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Assignment 3 - Ch 10 Yr 4 Auditing II September 27 28 2016 - Questions

1026.
LO 10-3
Fluid Controls, Inc., a manufacturing company, has retained you to perform an audit for the
year ended December 31. Prior to the year-end, you begin to obtain an understanding of the
new client's controls over business processes related to the cash account.
You find that nearly all the company's cash receipts are in the form of checks received
through the mail, but there is no prelisting of cash receipts before they are recorded in the
accounts. Also, the incoming mail is opened either by the cashier or by the employee
maintaining the accounts receivable subsidiary ledger, depending on which employee has
time available. The controller stresses the necessity of flexibility in assignment of duties to
the 20 employees comprising the office staff, in order to keep all employees busy and achieve
maximum economy of operation.
Page 424
1. Required:
Explain how prelisting of cash receipts strengthens internal control.
1. List specific duties that should not be performed by an employee assigned to prelist
the cash receipts in order to avoid any opportunity for that employee to conceal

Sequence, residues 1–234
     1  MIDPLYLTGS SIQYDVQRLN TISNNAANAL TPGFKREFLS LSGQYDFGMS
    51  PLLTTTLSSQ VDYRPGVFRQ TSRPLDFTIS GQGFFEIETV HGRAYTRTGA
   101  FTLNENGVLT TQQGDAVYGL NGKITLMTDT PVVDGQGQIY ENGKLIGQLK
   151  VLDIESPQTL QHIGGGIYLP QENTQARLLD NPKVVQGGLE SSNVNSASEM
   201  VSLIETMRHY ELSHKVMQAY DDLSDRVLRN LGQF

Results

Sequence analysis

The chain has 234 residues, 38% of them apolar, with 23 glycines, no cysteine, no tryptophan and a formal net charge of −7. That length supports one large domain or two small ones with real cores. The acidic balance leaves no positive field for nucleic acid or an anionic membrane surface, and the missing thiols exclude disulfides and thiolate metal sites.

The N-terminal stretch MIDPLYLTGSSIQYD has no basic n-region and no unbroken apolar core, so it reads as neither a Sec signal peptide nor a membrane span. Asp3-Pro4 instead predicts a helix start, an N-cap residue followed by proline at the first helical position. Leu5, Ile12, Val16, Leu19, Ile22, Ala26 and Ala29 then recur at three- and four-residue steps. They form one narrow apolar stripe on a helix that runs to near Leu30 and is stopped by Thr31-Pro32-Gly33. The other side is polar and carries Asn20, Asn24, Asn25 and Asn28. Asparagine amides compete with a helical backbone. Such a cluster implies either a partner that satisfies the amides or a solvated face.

embezzlement of cash receipts.

(AICPA, adapted)

1027.
LO 10-4, 5
Henry Mills is responsible for preparing checks, recording cash disbursements, and preparing
bank reconciliations for Signet Corporation. While reconciling the October bank statement,
Mills noticed that several checks totaling $937 had been outstanding for more than one year.
Concluding that these checks would never be presented for payments, Mills prepared a check
for $937 payable to himself, forged the treasurer's signature, and cashed the check. Mills
made no entry in the accounts for this disbursement and attempted to conceal the theft by
destroying the forged check and omitting the long-outstanding checks from subsequent bank
reconciliations.
1. Required:
Identify the weaknesses in Signet Corporation's internal control.
1. Explain several audit procedures that might disclose the fraudulent disbursement.

1032.
LO 10-3, 5, 6
In the audit of Wheat, Inc., for the year ended December 31, you discover that the client had
been drawing checks as creditors' invoices became due but had not been mailing the checks
immediately. Because of a working capital shortage, some checks have been held for two or
three weeks.
The client's controller informs you that unmailed checks totaling $48,500 were on hand at
December 31 of the current year. He states that these December-dated checks had been
entered in the cash disbursements journal and charged to the respective creditors' accounts in
December because the checks were prenumbered. However, these checks were not actually
mailed until early January. The controller wants to adjust the cash balance and accounts
payable at December 31 by $48,500 because the Cash account had a credit balance. He
objects to submitting to his bank your audit report showing an overdraft of cash.
Discuss the propriety of adjusting the cash balance and accounts payable by the indicated
amount of outstanding checks.

1044.
Following are typical questions that might appear on an internal control questionnaire for